The knitters saved their scraps of yarn and a stole was crocheted for our minister and pieces of the scraps were woven into the stole, making this ministry tied to one another. I also save small pieces and tie them together on the end of my needles as a reminder to constantly keep the recipients in my prayers.

I now knit mostly for those I don't know personally but know they need prayer and comfort. I knit for a cause(domestic violence, cancer, Alzheimer's, organ donation/transplant the list goes on). I learned to be more comfortable with prayer and my daughter and granddaughter learned the art of knitting and the joy of spreading love and comfort. My granddaughter's shawl was full of holes from dropped stitches. We fought that desire to go back and pick them up but just added more on the next row. A shawl not perfect to look at but perfect with intent and prayer. The shawl was created for a new mother in the congregation. A mother who would find holes in some of her days but, then find that the next would be complete. I assured her any mother (mostly me) would love to have her shawl. It was complete and full of what was needed - love and prayers.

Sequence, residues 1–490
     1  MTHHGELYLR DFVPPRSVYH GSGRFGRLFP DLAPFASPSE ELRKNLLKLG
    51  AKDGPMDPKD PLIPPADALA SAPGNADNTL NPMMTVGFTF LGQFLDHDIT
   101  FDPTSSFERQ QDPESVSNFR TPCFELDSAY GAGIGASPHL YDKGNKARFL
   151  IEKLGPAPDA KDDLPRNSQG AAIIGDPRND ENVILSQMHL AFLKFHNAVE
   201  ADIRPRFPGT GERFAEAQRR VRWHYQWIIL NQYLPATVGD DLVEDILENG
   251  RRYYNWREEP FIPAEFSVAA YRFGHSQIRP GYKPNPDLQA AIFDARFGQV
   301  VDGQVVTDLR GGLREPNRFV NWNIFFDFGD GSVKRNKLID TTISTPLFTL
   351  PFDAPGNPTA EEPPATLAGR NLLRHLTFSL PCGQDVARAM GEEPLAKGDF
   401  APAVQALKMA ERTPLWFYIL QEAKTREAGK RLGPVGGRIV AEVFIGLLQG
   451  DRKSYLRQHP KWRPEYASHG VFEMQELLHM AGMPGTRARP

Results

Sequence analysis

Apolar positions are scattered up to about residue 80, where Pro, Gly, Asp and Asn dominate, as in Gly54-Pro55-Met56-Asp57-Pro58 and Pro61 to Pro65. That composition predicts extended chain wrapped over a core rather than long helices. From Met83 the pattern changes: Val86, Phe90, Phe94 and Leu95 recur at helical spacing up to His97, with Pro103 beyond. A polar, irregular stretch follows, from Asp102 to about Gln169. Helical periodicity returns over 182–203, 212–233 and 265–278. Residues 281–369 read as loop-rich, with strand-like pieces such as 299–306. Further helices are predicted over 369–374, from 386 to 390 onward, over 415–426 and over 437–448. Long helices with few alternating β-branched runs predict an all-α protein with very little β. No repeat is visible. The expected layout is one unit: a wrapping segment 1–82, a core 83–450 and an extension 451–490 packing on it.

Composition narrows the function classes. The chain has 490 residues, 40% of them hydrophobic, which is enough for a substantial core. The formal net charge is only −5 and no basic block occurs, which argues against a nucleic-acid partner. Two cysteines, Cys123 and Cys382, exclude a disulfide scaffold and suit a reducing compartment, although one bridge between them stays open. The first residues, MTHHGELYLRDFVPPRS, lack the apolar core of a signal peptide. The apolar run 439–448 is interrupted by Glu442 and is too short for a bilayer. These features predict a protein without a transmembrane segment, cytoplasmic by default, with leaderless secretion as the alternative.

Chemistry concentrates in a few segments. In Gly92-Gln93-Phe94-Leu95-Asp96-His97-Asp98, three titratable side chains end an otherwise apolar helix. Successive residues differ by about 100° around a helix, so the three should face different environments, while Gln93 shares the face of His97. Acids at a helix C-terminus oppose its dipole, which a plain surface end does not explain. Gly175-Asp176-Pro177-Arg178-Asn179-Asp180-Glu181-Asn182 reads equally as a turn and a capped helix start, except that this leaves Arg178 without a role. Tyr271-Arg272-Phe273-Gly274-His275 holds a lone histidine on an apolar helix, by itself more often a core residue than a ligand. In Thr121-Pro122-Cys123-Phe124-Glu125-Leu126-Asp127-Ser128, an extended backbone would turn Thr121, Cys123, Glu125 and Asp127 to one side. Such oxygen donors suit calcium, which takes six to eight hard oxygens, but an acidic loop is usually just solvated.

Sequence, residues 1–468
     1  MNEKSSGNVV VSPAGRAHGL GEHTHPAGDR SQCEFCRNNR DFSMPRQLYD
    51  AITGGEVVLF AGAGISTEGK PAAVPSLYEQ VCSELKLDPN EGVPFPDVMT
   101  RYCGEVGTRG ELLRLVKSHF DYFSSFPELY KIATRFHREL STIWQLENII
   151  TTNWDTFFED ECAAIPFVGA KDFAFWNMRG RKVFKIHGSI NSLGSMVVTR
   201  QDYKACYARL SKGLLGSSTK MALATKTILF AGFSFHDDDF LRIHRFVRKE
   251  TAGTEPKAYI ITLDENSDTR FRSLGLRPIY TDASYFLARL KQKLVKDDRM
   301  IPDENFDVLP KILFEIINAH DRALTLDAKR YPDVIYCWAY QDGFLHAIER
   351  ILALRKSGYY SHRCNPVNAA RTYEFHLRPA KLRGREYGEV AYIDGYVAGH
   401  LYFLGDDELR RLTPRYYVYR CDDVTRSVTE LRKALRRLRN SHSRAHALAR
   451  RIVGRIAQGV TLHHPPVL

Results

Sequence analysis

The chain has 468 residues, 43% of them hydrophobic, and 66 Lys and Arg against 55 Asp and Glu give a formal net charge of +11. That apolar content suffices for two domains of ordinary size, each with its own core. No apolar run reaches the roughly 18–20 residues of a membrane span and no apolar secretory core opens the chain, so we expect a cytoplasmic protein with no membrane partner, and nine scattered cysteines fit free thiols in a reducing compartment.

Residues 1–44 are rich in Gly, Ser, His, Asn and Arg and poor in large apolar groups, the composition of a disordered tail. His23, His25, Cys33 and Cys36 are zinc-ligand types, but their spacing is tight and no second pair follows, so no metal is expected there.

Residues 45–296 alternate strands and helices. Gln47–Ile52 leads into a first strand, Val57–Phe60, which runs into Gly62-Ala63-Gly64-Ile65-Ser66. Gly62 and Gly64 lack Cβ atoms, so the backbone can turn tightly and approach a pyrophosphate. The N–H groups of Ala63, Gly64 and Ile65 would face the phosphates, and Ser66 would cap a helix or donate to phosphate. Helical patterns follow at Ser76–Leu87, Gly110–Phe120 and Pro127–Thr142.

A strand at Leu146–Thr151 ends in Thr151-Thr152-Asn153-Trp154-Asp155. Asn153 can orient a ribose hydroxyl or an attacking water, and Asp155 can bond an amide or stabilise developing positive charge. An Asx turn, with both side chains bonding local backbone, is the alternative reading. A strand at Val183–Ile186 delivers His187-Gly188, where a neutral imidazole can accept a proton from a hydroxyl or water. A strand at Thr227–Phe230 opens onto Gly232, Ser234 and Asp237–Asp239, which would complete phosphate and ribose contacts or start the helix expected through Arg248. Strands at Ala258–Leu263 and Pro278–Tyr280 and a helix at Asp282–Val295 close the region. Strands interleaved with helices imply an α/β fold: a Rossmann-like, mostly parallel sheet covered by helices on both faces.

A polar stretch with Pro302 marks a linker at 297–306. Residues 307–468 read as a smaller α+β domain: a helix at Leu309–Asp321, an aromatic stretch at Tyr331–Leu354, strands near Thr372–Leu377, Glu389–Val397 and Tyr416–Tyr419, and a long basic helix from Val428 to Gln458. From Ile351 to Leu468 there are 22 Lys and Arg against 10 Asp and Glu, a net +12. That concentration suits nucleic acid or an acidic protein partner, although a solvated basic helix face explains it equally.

Those interested in starting a Prayer Shawl Ministry or wish to make a shawl for a special friend or family member visit

Knit One, and you'll find you've Nurtured Two. I did.


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    • Katdog profile image


      7 years ago from Minnesota

      I am the recipient of a prayer shawl-and I thank God every day for the love that surrounds me when I pray with my shawl wrapped around me.